When news broke that Iranian Gen. Qassem Soleimani was killed, Sen. Elizabeth Warren thought she was striking a careful balance by acknowledging that he was a “murderer” while also attacking the decision to kill him as “reckless.”
Soleimani was a murderer, responsible for the deaths of thousands, including hundreds of Americans. But this reckless move escalates the situation with Iran and increases the likelihood of more deaths and new Middle East conflict. Our priority must be to avoid another costly war.
But even acknowledging that the man responsible for hundreds of American deaths and for orchestrating the Iranian strategy in the Middle East was a bad guy was too much for the Left to handle. Liberals quickly jumped on Warren’s comments, attacking her for employing the language used by hawks to justify war.
Fading in polls and dipping in fundraising ahead of the Iowa caucuses, Warren has little room to alienate the Left. So she then released a follow-up statement stripped of any criticism of Soleimani, and instead focused exclusively on attacking President Trump for an attack that she rebranded as an “assassination.”
Donald Trump ripped up an Iran nuclear deal that was working. He’s repeatedly escalated tensions. Now he’s assassinated a senior foreign military official. He’s been marching toward war with Iran since his first days in office—but the American people won’t stand for it.
First, this was not an assassination. This was a lawful military strike conducted in a war zone in which the United States is legitimately established. Soleimani was an enemy commander who had acted against the U.S. repeatedly, and the U.S. was well within its rights to take him out. The only act of war was Iran’s by putting one of its commanders in Iraq to help plan and direct attacks against U.S. troops, which was Soleimani’s intent.
Labeling Soleimani’s death an assassination is not only dishonest; it’s damaging — not to Trump, as Warren certainly intended, but to the U.S.’s foreign policy interests as a whole. As commander in chief, Trump has the right and the responsibility to direct the military and defend this nation’s interests. That leading politicians are openly questioning, and thus undermining, that authority is ridiculous, though unsurprising. This is Trump, after all, and most Democratic politicians would do or say anything to send a few jabs his way. (Of course, few of these Democrats, if any at all,were willing to say the same of President Barack Obamawhen he ordered the attack on Osama bin Laden, or when he unilaterally pushed through the Iran nuclear deal despite Congress’s opposition).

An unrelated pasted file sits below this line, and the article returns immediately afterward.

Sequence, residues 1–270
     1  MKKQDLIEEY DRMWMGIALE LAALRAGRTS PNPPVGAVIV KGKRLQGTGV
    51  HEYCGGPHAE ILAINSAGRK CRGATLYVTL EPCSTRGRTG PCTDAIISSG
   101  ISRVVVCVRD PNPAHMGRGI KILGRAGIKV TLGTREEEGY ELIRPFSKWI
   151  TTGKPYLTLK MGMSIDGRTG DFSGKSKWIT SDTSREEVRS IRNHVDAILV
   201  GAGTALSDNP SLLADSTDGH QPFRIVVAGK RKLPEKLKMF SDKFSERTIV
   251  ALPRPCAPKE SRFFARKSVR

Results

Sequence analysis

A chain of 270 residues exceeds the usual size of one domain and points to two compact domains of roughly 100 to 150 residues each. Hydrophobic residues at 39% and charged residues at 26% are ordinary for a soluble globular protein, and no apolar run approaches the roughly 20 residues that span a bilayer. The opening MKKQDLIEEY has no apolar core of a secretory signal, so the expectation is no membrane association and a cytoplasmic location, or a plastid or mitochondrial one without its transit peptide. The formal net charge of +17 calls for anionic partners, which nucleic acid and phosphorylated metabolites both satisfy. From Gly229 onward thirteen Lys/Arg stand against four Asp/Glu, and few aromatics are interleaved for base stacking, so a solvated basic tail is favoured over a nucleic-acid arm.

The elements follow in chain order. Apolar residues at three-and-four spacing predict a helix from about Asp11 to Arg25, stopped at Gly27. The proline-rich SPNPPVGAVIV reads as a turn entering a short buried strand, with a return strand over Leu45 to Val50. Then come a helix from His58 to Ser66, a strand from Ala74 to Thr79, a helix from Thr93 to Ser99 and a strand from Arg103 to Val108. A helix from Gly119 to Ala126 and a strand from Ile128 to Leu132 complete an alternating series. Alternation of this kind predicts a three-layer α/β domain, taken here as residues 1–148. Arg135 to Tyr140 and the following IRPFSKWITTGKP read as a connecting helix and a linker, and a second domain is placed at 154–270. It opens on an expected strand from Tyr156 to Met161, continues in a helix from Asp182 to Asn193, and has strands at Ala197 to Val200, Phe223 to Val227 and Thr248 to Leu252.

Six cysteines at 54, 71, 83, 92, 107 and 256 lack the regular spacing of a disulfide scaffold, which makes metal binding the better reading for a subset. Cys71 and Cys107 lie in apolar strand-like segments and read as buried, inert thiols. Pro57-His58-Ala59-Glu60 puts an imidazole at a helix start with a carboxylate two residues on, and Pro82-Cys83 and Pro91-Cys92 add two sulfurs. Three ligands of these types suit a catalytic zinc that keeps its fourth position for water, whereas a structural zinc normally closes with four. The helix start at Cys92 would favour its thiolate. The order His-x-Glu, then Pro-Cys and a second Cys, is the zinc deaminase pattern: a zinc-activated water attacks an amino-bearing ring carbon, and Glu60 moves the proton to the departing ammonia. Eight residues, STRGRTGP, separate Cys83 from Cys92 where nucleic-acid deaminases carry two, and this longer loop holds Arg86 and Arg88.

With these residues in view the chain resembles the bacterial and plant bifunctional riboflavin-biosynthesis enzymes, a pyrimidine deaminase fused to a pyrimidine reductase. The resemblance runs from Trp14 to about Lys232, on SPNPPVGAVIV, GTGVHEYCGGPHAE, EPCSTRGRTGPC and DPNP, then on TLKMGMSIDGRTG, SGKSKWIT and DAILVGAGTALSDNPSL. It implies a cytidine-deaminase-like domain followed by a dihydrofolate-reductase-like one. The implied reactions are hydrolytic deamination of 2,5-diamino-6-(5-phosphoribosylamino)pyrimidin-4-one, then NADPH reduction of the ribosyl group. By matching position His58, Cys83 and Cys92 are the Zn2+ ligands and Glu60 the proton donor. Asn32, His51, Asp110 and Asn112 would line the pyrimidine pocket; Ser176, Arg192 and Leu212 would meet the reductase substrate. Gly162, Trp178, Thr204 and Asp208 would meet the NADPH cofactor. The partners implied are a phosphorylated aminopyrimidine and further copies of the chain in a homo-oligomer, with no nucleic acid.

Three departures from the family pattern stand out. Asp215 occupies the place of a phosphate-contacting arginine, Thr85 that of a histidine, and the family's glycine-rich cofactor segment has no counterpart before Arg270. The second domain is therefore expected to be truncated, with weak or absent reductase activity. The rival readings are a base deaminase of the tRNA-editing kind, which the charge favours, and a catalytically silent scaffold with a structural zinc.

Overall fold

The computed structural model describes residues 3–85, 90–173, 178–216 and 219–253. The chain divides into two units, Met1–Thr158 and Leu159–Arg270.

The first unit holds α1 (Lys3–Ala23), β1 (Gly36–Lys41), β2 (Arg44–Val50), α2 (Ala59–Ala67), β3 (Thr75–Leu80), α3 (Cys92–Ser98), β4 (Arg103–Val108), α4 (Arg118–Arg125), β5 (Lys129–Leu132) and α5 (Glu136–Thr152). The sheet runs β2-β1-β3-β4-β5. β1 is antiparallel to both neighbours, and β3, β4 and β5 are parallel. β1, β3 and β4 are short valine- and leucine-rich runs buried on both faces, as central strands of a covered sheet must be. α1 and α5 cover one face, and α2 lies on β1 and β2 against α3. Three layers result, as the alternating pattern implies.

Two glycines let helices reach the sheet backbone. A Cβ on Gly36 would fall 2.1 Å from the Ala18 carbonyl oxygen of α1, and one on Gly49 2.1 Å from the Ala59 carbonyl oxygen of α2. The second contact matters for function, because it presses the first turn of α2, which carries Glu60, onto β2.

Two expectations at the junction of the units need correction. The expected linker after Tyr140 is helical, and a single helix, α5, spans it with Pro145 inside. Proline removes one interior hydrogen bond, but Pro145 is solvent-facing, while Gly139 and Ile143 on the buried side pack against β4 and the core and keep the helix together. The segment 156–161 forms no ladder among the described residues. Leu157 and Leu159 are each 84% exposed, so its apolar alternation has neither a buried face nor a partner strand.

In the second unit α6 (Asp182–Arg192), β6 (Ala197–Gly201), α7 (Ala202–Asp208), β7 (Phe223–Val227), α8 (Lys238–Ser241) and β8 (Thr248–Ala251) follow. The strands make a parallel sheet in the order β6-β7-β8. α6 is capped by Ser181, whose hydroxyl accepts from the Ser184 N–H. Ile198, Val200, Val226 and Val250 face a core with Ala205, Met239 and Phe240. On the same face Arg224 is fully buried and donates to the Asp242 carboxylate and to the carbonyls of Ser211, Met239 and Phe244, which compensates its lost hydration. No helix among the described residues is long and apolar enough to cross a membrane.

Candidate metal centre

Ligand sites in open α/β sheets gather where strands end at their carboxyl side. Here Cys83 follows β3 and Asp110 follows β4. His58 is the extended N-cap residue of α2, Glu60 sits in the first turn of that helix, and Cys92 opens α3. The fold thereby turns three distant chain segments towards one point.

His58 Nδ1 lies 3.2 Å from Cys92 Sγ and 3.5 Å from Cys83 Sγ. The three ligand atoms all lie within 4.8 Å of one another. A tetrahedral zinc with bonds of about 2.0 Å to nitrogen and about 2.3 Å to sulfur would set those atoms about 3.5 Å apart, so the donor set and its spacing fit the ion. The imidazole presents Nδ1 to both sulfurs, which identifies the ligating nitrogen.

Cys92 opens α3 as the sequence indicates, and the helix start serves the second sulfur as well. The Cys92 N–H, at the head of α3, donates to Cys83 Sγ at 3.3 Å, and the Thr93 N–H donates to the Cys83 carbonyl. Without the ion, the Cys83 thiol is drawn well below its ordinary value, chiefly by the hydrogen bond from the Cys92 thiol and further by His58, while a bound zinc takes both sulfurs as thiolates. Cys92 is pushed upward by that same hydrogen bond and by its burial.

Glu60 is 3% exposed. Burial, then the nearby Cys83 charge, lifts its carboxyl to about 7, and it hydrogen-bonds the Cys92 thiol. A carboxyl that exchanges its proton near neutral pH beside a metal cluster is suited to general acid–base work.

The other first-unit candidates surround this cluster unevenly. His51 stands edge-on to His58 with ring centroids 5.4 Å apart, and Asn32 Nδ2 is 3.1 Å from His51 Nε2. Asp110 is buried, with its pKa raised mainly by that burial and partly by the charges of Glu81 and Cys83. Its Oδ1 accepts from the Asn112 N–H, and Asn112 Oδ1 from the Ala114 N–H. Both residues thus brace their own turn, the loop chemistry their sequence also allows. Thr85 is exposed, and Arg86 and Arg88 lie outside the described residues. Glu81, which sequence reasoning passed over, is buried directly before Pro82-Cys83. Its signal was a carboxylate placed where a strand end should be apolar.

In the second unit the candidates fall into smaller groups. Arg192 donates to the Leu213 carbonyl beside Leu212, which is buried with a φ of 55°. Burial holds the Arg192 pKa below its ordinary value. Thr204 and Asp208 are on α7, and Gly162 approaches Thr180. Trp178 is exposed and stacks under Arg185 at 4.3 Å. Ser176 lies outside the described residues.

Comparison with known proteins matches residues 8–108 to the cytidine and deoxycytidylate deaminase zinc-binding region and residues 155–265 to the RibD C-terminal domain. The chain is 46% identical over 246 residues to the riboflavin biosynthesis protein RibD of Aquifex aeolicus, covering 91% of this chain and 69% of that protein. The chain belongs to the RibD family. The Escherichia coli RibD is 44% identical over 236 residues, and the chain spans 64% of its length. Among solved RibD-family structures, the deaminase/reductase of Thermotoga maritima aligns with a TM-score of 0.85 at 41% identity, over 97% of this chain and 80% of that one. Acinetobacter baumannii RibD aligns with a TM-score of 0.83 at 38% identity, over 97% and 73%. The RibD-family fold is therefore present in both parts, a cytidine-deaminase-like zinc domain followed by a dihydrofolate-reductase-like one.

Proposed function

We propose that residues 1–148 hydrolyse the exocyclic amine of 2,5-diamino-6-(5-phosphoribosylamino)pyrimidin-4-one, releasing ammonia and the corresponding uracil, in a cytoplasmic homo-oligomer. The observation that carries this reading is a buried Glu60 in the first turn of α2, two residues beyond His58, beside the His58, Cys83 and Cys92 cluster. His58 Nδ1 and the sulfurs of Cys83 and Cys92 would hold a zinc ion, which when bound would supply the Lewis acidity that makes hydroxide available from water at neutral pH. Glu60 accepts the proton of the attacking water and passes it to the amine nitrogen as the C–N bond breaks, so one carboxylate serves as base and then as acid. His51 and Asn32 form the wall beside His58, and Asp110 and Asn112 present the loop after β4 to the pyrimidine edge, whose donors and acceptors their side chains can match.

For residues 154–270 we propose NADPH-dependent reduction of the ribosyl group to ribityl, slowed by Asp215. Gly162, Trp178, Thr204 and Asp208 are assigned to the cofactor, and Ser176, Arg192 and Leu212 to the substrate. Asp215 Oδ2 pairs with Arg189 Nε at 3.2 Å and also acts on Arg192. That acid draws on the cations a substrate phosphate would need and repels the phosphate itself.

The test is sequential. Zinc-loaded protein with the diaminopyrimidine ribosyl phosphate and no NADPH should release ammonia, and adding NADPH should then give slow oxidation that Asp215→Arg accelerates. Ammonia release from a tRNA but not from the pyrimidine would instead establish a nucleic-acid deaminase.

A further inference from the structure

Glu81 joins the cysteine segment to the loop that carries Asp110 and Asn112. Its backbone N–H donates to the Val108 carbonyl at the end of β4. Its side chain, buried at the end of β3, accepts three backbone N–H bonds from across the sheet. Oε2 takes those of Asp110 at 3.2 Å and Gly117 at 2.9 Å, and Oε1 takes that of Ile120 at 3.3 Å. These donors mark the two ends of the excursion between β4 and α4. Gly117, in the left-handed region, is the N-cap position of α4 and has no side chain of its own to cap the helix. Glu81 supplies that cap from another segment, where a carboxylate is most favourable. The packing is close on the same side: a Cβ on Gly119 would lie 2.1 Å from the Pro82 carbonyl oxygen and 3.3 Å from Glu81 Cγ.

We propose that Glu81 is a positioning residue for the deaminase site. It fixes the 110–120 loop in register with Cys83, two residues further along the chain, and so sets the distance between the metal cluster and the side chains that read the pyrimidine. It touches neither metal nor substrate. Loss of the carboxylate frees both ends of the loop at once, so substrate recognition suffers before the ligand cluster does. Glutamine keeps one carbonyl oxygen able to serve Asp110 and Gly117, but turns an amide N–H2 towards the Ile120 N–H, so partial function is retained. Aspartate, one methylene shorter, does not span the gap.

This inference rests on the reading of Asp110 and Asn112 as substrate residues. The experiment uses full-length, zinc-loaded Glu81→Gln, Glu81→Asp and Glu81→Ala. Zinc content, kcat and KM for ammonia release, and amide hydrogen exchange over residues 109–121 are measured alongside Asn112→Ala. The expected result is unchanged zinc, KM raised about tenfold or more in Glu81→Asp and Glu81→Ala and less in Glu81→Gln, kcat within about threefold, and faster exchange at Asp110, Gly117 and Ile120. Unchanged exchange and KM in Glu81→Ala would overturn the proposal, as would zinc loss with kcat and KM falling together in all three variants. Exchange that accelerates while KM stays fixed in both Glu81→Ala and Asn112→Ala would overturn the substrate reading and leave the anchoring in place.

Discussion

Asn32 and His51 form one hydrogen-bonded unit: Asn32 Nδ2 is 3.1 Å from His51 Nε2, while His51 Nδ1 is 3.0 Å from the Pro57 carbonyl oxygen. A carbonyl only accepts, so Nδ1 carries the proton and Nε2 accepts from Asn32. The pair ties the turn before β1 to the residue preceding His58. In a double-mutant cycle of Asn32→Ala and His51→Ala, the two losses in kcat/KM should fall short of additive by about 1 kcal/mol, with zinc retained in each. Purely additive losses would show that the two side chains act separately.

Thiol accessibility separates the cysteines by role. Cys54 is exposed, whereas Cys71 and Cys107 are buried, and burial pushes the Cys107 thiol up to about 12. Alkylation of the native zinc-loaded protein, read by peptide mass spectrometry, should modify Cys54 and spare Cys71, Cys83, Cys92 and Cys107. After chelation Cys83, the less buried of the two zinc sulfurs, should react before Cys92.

But Warren had another reason for doubling down. She is actively trying to balance the Democratic establishment’s interests while kowtowing to the progressive Left. Her first statement was geared toward the former, and her follow-up was clearly written with the progressives in mind. It was an unequivocal denouncement of the U.S.’s status quo posture toward the Middle East, one that requires hefty defense spending and a proactive military presence. The Left wants neither.
The Democratic establishment, on the other hand, is still hesitant to cut off all ties in the region. Recall, for example, Congress’s reaction when Trump announced the U.S. would pull out of Syria. The Democratic Party’s reaction likely had more to do with the decision-maker than the decision itself. Still, it revealed that few are willing to wholly abandon the U.S.’s strategic position in the Middle East.
Warren is trying to appeal to both sides of the Democratic Party, as she has on many other issues throughout her campaign. But recent polls indicate that her balancing act isn’t working, and that’s unlikely to change.